Substitute Bride (Beaufort Brides Book 2)

BOOK: Substitute Bride (Beaufort Brides Book 2)
12.33Mb size Format: txt, pdf, ePub

Substitute Bride

Beaufort Brides, Book 2


Noelle Adams


book is a work of fiction. Names, characters, places, and incidents are the
product of the author’s imagination or are used fictitiously. Any resemblance
to actual events, locales, or persons, living or dead, is coincidental.


© 2015 by Noelle Adams. All rights reserved, including the right to reproduce,
distribute, or transmit in any form or by any means.


Proofreading: Vanessa Bridges,





Rose Beaufort tried to smother a
yawn as she poured out crispy rice cereal into two bright pink bowls.

She hadn’t gotten very much sleep last night because six-year-old
Jill had woken up twice with nightmares, and Rose had been awakened by her
cries and had gone into her room to comfort the girl. But she’d been the Harwood
girls’ nanny for more than two years now, and she could go through the
breakfast routine without conscious thought. She topped the cereal off with
milk, scattered sliced strawberries on top, and then brought the bowls over to
the girls, who were both sitting at the countertop bar on the large kitchen

“My strawberries aren’t good,” five-year-old Julie said,
frowning down at her cereal.

Rose quickly checked the fruit in question. “Sure they are.
They’re just darker red than some of the others we’ve gotten. They haven’t gone
bad yet.”

“I don’t like mushy strawberries.” Julie was a particularly
verbal child, especially for her age, but she was also a perfectionist, and was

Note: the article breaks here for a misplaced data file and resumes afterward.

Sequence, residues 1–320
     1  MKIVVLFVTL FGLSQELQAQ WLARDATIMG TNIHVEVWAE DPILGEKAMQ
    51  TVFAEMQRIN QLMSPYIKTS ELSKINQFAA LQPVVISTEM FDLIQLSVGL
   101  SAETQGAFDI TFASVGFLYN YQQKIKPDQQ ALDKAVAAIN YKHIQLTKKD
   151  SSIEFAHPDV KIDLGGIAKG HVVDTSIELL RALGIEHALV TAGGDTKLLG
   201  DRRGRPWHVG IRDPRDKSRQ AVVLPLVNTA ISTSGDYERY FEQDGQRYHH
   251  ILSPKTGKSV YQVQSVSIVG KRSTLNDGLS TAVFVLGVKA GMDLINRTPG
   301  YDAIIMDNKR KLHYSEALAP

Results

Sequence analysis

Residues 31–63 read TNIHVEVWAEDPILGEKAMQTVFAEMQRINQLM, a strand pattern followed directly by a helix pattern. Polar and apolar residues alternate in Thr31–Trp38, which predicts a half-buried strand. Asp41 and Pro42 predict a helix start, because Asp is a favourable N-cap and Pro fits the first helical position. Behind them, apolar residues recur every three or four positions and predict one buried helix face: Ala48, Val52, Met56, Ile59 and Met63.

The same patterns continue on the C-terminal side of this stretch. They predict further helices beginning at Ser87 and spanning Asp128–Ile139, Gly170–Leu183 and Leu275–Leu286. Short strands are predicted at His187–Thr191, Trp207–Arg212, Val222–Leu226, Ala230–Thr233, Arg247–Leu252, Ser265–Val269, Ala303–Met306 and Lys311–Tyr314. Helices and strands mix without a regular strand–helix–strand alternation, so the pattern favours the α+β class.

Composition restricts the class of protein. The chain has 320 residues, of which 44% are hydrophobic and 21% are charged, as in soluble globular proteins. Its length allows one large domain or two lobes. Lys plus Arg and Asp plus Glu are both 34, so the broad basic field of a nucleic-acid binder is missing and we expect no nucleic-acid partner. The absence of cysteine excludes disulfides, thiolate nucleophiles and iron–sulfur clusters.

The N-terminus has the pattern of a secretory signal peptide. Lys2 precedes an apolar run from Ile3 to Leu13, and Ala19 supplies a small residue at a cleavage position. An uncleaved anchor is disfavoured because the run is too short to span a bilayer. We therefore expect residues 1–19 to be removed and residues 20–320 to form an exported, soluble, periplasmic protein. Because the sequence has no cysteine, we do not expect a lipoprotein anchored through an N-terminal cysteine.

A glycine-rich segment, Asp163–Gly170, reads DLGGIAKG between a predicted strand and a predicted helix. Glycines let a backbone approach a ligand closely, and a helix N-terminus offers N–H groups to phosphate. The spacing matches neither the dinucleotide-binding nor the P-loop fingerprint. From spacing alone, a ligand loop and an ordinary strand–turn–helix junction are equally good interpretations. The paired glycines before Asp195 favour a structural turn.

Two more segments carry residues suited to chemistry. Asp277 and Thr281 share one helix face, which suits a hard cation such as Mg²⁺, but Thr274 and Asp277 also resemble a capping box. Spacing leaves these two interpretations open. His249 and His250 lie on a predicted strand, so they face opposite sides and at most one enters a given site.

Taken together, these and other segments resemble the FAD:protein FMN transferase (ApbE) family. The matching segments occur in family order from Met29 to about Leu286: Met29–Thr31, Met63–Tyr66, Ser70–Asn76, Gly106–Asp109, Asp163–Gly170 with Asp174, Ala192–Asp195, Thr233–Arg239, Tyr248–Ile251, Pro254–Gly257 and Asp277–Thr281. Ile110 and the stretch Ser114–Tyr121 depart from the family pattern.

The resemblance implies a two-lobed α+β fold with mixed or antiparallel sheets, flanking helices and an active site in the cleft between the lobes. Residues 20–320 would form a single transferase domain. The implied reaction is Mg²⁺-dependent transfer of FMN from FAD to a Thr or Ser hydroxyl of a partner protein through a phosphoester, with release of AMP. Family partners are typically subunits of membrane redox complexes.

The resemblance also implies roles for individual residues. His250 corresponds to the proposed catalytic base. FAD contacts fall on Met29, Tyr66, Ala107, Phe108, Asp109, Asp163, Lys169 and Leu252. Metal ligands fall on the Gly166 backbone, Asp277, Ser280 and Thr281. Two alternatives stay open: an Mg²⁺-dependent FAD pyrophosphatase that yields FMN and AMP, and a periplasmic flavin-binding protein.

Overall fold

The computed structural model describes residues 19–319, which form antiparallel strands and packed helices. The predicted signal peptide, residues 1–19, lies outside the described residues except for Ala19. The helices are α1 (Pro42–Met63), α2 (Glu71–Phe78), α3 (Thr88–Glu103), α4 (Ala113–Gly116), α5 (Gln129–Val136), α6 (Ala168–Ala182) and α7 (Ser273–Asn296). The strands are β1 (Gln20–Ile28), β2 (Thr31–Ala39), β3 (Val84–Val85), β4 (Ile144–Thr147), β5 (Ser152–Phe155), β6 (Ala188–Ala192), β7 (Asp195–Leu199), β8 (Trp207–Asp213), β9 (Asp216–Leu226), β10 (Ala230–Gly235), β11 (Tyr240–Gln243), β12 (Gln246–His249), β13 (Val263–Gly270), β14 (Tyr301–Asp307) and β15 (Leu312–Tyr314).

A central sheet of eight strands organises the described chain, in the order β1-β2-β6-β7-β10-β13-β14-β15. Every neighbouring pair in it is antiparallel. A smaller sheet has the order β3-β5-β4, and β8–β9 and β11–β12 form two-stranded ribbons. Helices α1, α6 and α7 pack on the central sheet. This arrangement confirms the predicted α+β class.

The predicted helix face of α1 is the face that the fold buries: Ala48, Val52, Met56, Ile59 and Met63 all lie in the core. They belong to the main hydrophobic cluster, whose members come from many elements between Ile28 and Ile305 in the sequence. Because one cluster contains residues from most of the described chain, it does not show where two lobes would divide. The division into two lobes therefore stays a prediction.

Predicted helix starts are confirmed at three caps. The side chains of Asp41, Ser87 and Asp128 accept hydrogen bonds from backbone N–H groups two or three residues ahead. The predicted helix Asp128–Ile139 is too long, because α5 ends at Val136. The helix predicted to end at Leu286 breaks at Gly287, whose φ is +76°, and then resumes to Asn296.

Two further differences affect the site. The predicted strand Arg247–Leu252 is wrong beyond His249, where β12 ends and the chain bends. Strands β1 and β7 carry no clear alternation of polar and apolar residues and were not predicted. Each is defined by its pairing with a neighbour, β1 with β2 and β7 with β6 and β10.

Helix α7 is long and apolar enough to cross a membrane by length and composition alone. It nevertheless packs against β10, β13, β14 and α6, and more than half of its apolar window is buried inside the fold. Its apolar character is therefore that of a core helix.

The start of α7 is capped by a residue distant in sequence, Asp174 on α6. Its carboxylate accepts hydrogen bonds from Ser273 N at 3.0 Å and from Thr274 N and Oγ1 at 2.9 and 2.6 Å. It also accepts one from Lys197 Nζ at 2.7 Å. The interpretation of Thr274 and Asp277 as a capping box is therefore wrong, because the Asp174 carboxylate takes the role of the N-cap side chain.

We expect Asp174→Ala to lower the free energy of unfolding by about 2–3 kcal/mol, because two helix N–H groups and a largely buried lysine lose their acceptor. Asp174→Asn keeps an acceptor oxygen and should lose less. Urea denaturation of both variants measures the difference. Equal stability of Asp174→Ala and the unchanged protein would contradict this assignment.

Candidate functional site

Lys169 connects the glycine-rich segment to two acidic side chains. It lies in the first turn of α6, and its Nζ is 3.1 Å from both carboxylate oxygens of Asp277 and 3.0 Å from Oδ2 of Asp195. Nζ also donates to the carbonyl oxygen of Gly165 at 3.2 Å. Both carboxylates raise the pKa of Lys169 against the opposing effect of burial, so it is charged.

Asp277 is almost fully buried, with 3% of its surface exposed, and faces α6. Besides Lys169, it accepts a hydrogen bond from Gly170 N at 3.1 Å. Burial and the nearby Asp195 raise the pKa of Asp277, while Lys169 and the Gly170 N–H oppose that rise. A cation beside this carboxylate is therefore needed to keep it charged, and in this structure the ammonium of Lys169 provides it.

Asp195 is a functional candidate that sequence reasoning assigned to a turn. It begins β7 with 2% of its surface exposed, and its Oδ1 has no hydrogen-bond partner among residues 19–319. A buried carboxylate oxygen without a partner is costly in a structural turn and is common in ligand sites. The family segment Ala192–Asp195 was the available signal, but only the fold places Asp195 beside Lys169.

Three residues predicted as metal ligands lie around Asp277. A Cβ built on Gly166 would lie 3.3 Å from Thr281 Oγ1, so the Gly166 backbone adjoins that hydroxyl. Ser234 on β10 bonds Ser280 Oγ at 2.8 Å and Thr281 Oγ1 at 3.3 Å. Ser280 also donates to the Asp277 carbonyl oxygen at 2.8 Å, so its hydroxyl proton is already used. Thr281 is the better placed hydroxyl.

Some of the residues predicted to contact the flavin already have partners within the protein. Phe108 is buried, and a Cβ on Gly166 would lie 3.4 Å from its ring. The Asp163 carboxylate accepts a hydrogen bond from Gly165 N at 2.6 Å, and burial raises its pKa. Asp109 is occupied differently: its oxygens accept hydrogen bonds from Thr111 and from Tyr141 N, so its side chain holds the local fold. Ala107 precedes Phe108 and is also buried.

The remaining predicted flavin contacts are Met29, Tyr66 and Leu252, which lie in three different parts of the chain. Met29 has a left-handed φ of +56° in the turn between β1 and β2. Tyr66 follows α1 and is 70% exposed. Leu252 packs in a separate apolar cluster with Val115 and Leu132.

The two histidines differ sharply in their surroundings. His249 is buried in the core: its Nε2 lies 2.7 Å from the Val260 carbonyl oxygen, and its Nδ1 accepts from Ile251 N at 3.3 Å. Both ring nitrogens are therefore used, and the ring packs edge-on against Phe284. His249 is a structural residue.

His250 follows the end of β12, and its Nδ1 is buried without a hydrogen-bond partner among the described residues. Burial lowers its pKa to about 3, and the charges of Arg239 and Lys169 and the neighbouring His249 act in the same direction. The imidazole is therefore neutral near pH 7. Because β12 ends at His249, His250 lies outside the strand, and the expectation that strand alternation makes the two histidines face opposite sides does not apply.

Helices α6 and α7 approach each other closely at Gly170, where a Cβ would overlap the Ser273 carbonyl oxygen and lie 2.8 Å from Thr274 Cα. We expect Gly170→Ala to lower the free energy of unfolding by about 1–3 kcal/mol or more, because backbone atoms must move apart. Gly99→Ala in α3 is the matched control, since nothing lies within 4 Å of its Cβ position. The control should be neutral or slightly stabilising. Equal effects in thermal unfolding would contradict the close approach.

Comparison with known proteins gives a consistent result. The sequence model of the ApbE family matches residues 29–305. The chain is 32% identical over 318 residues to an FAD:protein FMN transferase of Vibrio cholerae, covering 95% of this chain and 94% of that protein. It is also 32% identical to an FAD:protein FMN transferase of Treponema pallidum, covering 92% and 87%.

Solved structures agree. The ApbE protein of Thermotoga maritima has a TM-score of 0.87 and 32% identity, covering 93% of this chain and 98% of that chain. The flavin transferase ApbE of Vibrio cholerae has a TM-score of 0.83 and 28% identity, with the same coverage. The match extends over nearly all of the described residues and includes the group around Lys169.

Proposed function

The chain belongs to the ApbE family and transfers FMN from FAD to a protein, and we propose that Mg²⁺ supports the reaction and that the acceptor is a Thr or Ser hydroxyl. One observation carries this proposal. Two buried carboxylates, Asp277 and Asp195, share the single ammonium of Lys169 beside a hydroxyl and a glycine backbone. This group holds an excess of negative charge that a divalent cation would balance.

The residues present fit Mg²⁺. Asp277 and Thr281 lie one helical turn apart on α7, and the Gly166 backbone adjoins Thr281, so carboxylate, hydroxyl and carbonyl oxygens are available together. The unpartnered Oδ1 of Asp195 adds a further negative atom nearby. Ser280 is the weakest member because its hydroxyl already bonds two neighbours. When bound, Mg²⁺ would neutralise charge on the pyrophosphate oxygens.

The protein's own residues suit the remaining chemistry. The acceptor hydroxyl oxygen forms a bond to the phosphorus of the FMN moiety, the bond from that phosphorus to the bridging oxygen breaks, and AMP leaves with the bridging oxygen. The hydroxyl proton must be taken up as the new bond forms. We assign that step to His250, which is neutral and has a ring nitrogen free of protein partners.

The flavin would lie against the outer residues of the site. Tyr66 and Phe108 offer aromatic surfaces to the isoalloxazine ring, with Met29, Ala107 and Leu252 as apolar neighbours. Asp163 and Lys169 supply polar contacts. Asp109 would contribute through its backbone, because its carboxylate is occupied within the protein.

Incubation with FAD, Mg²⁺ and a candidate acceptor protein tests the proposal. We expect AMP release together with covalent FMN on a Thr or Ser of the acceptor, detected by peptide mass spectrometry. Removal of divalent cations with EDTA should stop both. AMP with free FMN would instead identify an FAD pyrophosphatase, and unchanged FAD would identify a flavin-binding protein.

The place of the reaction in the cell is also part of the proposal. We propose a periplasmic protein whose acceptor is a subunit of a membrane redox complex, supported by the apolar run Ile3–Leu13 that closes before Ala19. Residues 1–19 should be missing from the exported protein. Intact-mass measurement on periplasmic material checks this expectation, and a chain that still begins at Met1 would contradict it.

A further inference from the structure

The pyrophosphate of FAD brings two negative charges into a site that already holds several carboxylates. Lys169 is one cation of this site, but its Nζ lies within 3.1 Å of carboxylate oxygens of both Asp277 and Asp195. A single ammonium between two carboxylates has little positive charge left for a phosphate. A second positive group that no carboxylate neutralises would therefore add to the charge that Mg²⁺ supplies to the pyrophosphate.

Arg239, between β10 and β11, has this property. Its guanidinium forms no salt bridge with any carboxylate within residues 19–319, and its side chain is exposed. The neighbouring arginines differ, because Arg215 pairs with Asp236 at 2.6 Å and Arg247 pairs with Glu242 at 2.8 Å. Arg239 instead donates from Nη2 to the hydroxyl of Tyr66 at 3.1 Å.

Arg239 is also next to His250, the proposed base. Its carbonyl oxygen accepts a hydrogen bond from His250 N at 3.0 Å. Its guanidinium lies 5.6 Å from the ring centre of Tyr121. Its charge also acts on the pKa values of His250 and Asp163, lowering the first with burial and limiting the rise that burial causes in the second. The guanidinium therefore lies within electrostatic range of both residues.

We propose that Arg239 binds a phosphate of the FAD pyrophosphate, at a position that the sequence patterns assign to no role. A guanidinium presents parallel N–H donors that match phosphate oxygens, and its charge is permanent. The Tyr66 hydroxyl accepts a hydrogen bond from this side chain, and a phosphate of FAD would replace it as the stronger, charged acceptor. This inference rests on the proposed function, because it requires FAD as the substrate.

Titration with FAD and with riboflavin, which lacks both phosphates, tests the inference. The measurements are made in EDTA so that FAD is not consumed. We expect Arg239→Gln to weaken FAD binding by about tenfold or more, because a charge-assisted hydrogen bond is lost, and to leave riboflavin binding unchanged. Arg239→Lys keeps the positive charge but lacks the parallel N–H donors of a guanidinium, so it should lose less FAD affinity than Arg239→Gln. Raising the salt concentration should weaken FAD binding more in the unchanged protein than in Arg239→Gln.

always very unhappy when things in her life weren’t just so.

Rose knew how to deal with the girl by now. She used to take
Julie’s complaints seriously, which only nurtured them into real temper-fits.
Now, she knew better, and she always just shrugged them off. She reached over
and popped one of the strawberries from the bowl into her mouth. “Mm,” she
murmured, shaking her head. “Not mushy at all. I’ll eat them, if you don’t want

Julie frowned down again at her bowl and then soberly
scooped out a bite, one small strawberry slice perched atop the cereal. She put
the spoonful in her mouth and chewed for several seconds. Then she gave a
little nod. “It’s okay.”

Rose hid a chuckle by turning around to face the
single-serve coffee pot, where her coffee cup had been sitting forgotten for a
couple of minutes. She gave it a dash of cream and took a sip, closing her eyes
for a minute and trying to wake up. She had a long day today, since the girls
had dance practice after school and then a birthday party at a skating rink
this evening.

When she turned back around, she saw that Jill had only
stirred her cereal in her bowl. Jill was a year and a half older than her
sister and had the same long, red-brown hair and hazel eyes. But Jill was much
more quiet and introspective than Julie, and Rose sometimes worried that she
brooded too much. “Are your strawberries not good, Jill?” Rose asked casually.

“They’re okay.” Jill stared down at her bowl as she finally
took a bite.

“Are you tired this morning?” Rose reached over to tilt up
the girl’s chin so she could see her. It was a fair, pretty face with a small
nose and a sprinkling of freckles. There were slight shadows under her eyes,
but her lips weren’t pale and she didn’t look sick.

“No. Just thinking.”

“What are you thinking about?”


Julie looked over at her sister as she chewed, a trickle of
milk streaming down her chin. “Are you thinking about Mya’s party tonight?”